Chapter2_Notes

# It depends the generator sends a cosinusoidal signal

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Unformatted text preview: soidal signal VAA = Vg (t) = V0 cos ωt. Notes based on Fundamentals of Applied Electromagnetics (Ulaby et al) for ECE331, PSU. Electromagnetics I: Transmission lines 5 • Assume that the signal (current or voltage) travels with speed of light in vacuum c = 3 × 108 m/s • How much is the signal delayed going from AA to BB ? • If there are no ohmic losses VBB (t) = VAA (t − l/c) = V0 cos[ω (t − l/c)](V) (1) • Take a wire length of l = 5 cm . Set the time to t = 0 s. For f = 1 kHz, this case gives VBB = 0.999 . . . V0 , i.e. VBB and VAA are indistinguishable. • In the second case take l = 20km. This gives VBB = 0.91V0 , i.e. quite a diﬀerence between VBB and VAA . • Where is this coming from? The term ωl/c. That can be reexpressed using up = c (here) so c = f λ (m/s), so that 2πf l l ωl = = 2π radians c c λ Notes based on Fundamentals of Applied Electromagnetics (Ulaby et al) for ECE331, PSU. (2) Electromagnetics I: Transmission lines 6 • If l/λ is small ⇒ transmission line eﬀects negligible • If l/λ 0.01 ⇒ transmission line eﬀects must be considered • In addition to time delay (shift), we also need to take into account reﬂections, power loss and dispersion. • What’s dispersion? Wave velocity is not constant but is a function of frequency. Figure 3 shows dispersive eﬀects. Could aﬀect operation of digital circuits (“signal integrity”). Notes based on Fundamentals of Applied Electromagnetics (Ulaby et al) for ECE331, PSU. Electromagnetics I: Transmission lines Dispersionless line Short dispersive line Long dispersive line Figure 3: Transmission line as a source of distortion. Figure 2-3 Notes based on Fundamentals of Applied Electromagnetics (Ulaby et al) for ECE331, PSU. 7 Electromagnetics I: Transmission lines 8 • Propagation modes Have a look at a few transmission lines in Fig. 4 • There are two basic types: TEM and higher order • TEM = Transverse ElectroMagnetic lines. Electric and magnetic ﬁelds are transverse to the direction of propagation. Coaxial lines are one type. Microstrip not exactly TEM but can be a close approximation to a TEM waveguide. • Metalic waveguides (e.g. rectangular) and ﬁber optic lines are typical for higher order transmission lines. These have at least one component of the E or H ﬁeld that points in the direction of waveguide propagation. Notes based on Fundamentals of Applied Electromagnetics (Ulaby et al) for ECE331, PSU. Electromagnetics I: Transmission lines 9 metal metal 2b w 2a 2a d d dielectric spacing dielectric spacing (a) Coaxial line (b) Two-wire line (c) Parallel-plate line metal strip conductor w metal d metal ground plane dielectric spacing dielectric spacing (d) Strip line (e) Microstrip line TEM Transmission Lines metal metal Concentric dielectric layers (f) Rectangular waveguide (g) Optical fiber metal ground plane dielectric spacing (h) Coplanar waveguide Higher Order Transmission Lines Figure 2-4 Figure 4: Various transmission lines. Not...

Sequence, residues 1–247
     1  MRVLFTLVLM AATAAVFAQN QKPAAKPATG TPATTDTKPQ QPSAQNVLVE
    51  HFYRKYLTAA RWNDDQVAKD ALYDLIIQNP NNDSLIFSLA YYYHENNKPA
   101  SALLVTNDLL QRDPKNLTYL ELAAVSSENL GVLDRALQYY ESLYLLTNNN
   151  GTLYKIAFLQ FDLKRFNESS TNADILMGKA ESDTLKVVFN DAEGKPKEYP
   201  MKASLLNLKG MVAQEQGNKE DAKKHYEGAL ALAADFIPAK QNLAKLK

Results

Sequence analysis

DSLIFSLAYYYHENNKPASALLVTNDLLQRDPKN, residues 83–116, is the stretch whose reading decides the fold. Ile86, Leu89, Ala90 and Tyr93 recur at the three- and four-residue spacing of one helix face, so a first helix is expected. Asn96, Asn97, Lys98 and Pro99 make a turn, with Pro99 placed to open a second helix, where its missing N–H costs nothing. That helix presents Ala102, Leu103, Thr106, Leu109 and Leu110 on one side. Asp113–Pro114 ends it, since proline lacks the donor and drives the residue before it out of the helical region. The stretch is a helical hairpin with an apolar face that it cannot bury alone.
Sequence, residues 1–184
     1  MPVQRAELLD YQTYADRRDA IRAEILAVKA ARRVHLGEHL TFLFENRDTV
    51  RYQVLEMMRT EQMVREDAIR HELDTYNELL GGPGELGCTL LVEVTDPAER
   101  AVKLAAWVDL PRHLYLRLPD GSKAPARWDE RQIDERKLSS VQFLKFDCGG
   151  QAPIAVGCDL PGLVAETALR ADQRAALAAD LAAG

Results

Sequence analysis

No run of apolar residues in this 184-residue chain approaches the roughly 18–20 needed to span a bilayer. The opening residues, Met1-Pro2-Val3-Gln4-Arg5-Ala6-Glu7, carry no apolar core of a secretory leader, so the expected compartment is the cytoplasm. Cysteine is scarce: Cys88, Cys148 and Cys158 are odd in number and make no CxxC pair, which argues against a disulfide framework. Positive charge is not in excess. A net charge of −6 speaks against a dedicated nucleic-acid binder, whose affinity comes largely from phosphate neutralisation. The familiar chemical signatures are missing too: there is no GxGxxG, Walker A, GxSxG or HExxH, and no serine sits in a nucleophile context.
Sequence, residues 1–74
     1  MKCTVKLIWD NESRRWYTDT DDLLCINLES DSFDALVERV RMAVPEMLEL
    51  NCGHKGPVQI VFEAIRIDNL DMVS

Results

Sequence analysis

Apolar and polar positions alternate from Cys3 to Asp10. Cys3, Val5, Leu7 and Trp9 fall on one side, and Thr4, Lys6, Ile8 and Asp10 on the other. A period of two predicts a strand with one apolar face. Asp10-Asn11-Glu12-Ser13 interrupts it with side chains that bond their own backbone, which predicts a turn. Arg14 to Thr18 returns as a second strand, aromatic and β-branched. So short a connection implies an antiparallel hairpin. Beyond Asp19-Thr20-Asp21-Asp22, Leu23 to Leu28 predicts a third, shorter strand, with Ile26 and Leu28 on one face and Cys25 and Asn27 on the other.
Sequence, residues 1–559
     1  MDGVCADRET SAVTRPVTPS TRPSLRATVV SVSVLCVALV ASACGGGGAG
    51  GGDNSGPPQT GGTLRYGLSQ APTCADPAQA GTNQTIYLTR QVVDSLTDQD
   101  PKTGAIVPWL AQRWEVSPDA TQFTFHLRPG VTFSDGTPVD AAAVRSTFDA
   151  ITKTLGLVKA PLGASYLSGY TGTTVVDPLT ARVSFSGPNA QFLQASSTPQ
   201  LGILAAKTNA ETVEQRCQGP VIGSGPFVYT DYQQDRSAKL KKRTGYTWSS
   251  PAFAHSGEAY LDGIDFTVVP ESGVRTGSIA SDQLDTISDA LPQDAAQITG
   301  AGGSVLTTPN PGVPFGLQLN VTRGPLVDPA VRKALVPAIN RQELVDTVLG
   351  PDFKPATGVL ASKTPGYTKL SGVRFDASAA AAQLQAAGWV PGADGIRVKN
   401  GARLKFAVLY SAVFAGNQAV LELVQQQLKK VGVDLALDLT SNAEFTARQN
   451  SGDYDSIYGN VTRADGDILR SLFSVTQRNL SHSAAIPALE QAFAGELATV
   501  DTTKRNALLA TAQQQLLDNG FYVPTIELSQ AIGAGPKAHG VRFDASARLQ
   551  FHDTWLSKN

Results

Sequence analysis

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## This note was uploaded on 09/25/2013 for the course ECE 331 taught by Professor Martinsiderious during the Fall '12 term at Portland State.

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